Sumzero, an online research platform for professional investors, recently conducted an interview with noted value investor and author Mohnish Pabrai, founder of Pabrai Investment Funds (a group of hedge funds modeled on Buffett’s original partnerships), which manages over $800 million.
Here are highlights of the interview:
- Current state of value investing: According to Pabrai, the principles and approach of value investing will not change significantly. That said, he pointed out that markets will go through periods of euphoria and pessimism, adding that it is easier to find “widely mispriced securities” in pessimistic than in euphoric markets. This is true domestically as well as across global market, he said, making this an interesting time. Pabrai adds that, currently, he has no U.S. assets in his portfolio, which has never happened in the fund’s 19-year history.
- Pabrai explained that the strategy was not a macro one—a unilateral decision to step away from the U.S. markets. “My investments are always bottoms-up, one company at a time,” he explained. Instead, he said, the evolution was due to a diminished pool of public companies in the U.S. “that are being tracked by an increasing pool of high-IQ people with significant amounts of capital. The combination of the two is not great for investors. That’s the backdrop.”
- In 2007, Pabrai spent $650,000 to win the annual charity lunch with Warren Buffett. He recounted the experience: “It was exceptional on many fronts,” adding that he was able to get a better grasp on those things most important to Buffett.
- While at one time Pabrai used shares of Berkshire Hathaway in place of cash in his fund’s portfolio, he has since abandoned the practice. “One of the pitfalls of doing that,” he explained, “was that in the case of major market corrections, everything goes down, including Berkshire.” Cash, he said, offers “complete freedom and optionality to put it to work when opportunities show up.”
- Pabrai discussed the rationale behind his “Dhando” investing framework (which includes a checklist of about 150 questions he addresses before investing in companies): “I think that the core of the Dhando framework is heads I win, tails I don’t lose much. You’re trying to place bets where the upside overwhelms the downside.” He added that, over time, he has paid increasingly more attention to the qualitative side of businesses, including the “quality of management, the durability of the moat, and those sorts of things.”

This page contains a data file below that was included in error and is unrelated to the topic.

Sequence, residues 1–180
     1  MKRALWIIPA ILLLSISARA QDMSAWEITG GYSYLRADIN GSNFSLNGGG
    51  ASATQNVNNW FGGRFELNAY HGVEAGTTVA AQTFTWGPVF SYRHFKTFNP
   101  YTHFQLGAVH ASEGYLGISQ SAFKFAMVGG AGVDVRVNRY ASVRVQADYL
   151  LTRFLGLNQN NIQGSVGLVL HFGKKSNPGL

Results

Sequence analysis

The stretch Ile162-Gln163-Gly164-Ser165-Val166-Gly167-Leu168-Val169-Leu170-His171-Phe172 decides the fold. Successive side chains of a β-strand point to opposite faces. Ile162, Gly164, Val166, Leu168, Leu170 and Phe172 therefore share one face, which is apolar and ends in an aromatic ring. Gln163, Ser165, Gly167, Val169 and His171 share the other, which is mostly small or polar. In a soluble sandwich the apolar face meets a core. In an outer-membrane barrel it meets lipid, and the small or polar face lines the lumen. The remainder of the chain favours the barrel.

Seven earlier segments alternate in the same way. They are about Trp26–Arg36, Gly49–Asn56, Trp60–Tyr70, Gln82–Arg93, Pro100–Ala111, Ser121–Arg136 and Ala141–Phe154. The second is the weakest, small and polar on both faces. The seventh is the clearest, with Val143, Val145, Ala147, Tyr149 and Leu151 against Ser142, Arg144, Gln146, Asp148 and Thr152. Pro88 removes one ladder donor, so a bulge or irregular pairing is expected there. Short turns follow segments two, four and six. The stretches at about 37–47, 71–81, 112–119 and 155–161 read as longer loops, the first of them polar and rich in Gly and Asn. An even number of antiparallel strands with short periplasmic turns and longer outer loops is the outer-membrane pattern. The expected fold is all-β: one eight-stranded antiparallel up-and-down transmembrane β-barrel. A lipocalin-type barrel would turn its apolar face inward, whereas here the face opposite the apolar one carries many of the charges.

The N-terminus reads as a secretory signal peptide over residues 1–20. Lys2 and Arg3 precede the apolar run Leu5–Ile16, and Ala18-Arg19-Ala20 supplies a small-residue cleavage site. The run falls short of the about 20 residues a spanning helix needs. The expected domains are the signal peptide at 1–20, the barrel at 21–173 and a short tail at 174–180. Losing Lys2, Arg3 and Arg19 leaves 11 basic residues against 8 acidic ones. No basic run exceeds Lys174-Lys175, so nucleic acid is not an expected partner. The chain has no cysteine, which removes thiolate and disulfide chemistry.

- On industry fee structures, Pabrai contended, “To date, the only thing we’ve seen change in terms of fees or the reaction to fees is a change towards indexing,” adding that his first “commandment” of investing is, “thou shalt not skim off the top” while managing money for others. “Almost everyone violates that commandment,” says Pabrai.
- Regarding biases that have negatively impacted his investment performance, Pabrai cited “preconceived perspectives” as a significant issue for investors, noting that how we perceive a company within the first few minutes of learning about it has a huge impact on our investment outcomes. And, if an investor spends time studying a company, he argues, they then encounter commitment bias. “One of the games our brains play is that we feel entitled” to make money on something if we’ve spent time on it, he said. “And that’s really not how investing works.”
- Pabrai’s firm has no analysts, a practice Pabrai adopted from Buffett and Munger. Referring to Buffett, he asserts, “If he can manage hundreds of billions of dollars without having another human in the picture,” then most managers overseeing a fraction of that shouldn’t need a team either. Investing, Pabrai argues, isn’t a team sport, but rather “is about having convictions and acting on them.”
- When asked how technological innovation has impacted his investment career, Pabrai said that he doesn’t use a lot of online tools. “I mostly rely on public disclosures that have been made by companies, and I take it from there, and run from there.”
- Pabrai said that the most important yet contrarian parts of his investment strategy include team size and fee structure. “Those are the two biggest areas where I think that I violate the canon,” he concludes, “and hopefully at some point both get fixed.”